The young Canadian got the burning aircraft down on the ground as best as he could, and having survived the ordeal he then proceeded to drag his severely wounded and badly burned observer free from the burning wreckage. With the FK.8’s bomb load still in place, this had to be done immediately. Lt McLeod ignored his own injuries and pulled Lt Hammond – who had been hit six times – out of the flaming aircraft and towards a shell hole for protection from German machine-gun fire which was by then being aimed at them.
The aircraft exploded, and the blast from the bombs wounded the RFC pilot further. Despite this and with German bullets flying all around him, Lt McLeod managed to get himself and his observer into what protection the shell hole provided. They had to remain there until dusk, when it was safer for nearby Allied infantrymen to use the cover of darkness to rescue them.
The aircrew received treatment for their wounds and were then moved to a casualty clearing station; both had incredibly survived the ordeal. Alan McLeod was shipped back to ‘Blighty’ and was admitted to the Prince of Wales Hospital in London where he remained in a critical state for months. Lt Hammond had lost a leg as a result of his injuries.
FINEST FLOWER OF CHIVALRY
It was later announced that the Canadian pilot had been awarded the Victoria Cross for his actions on 27 March. Lt Hammond received a Bar to his Military Cross.
An extract from Lt McLeod’s citation for the VC in the London Gazette, dated 1 May 1918, stated: ‘Whilst flying with his observer (Lt AW Hammond, MC), attacking hostile formations by bombs and machine-gun fire, he was assailed at a height of 5,000 feet by eight enemy triplanes, which dived at him from all directions, firing from their front guns. By skilful manoeuvring he enabled his observer to fire bursts at each machine in turn, shooting three of them down out of control. By this time Lt McLeod had received five wounds, and whilst continuing the engagement a bullet penetrated his petrol tank and set the machine on fire. He then climbed out on to the left bottom plane, controlling his machine from the side of the fuselage, and by side-slipping steeply kept the flames to one side, thus enabling the observer to continue firing until the ground was reached. The observer had been wounded six times when the machine crashed in No Man’s Land, and 2nd Lt McLeod, not withstanding his own wounds, dragged him away from the burning wreckage at great personal risk from heavy machine-gun fire from the enemy’s lines. This very gallant pilot was again wounded by a bomb whilst engaged in this act of rescue, but he persevered until he had placed Lt Hammond in comparative safety, before falling himself from exhaustion and loss of blood.’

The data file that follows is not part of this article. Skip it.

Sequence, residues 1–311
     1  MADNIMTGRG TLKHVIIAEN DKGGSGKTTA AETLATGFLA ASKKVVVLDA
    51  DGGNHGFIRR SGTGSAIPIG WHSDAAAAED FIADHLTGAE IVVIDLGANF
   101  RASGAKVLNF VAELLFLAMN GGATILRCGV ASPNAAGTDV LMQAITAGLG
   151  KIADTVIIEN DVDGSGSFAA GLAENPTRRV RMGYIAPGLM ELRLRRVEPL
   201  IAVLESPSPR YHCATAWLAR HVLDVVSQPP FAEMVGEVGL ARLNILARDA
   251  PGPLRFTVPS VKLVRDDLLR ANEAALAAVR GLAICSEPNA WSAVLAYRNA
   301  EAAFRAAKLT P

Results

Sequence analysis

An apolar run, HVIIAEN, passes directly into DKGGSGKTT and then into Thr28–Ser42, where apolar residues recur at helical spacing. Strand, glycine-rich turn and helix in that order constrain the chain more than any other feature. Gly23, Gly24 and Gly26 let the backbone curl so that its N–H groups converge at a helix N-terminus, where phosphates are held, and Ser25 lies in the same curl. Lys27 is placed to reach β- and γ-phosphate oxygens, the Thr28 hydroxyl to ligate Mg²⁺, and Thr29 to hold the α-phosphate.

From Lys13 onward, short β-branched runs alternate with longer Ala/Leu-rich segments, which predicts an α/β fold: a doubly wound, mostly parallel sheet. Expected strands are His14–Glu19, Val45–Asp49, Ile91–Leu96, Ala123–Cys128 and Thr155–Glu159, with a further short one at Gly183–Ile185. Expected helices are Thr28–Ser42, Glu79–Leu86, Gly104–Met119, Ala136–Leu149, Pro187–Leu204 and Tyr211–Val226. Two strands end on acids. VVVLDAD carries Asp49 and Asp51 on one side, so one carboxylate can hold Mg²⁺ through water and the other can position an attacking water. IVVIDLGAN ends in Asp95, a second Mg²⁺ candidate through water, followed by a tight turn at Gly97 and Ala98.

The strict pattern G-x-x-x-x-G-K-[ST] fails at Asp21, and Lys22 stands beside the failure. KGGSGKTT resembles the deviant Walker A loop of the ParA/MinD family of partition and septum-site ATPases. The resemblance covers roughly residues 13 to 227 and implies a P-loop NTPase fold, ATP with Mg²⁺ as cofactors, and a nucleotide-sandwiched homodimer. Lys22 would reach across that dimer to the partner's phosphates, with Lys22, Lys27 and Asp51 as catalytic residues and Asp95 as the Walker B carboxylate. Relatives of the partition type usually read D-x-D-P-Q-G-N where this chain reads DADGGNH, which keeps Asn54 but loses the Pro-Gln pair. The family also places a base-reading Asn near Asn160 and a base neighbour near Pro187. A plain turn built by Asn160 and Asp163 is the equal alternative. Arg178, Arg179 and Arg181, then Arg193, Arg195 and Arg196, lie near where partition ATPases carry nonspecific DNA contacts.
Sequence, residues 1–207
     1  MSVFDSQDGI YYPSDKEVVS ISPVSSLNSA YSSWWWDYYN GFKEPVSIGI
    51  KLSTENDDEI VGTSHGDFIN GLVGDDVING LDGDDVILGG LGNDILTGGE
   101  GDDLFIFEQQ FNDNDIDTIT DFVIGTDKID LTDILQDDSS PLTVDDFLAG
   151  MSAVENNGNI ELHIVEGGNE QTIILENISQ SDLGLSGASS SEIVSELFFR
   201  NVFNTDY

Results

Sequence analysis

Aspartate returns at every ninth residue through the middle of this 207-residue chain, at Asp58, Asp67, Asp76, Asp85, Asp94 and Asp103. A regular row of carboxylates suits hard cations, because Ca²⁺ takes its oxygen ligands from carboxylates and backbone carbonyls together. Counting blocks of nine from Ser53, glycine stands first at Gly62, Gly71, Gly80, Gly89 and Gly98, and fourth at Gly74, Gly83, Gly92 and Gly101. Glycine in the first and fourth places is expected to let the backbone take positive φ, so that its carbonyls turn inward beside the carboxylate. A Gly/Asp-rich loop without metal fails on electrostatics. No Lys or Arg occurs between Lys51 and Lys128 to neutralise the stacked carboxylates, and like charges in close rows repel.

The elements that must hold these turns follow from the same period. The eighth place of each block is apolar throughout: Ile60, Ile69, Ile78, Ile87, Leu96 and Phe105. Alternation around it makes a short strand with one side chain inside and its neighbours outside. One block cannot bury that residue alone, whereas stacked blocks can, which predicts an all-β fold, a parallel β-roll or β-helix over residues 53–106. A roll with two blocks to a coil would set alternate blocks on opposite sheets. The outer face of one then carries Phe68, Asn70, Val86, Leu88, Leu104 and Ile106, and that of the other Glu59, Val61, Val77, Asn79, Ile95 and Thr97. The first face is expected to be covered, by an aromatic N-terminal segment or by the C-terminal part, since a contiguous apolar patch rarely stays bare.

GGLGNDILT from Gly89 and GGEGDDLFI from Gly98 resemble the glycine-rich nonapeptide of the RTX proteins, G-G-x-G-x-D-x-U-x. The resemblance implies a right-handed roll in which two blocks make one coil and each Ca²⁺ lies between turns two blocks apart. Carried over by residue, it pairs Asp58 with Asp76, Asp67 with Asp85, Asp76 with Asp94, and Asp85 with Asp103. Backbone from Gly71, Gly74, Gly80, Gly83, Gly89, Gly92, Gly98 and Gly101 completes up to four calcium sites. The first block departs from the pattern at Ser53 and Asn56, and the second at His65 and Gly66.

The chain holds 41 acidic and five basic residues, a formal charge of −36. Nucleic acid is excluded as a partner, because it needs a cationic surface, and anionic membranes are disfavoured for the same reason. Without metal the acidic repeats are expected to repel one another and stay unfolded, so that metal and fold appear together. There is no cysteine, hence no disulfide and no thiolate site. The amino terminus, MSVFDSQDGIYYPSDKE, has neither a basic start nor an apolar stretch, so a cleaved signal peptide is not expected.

Shortly after the award Alan McLeod attended an investiture at Buckingham Palace with his father, who had sailed to England from Canada to be with his son. By the beginning of September Alan appeared to be sufficiently on the road to recovery that he and his father could return to Canada to continue his recuperation at home.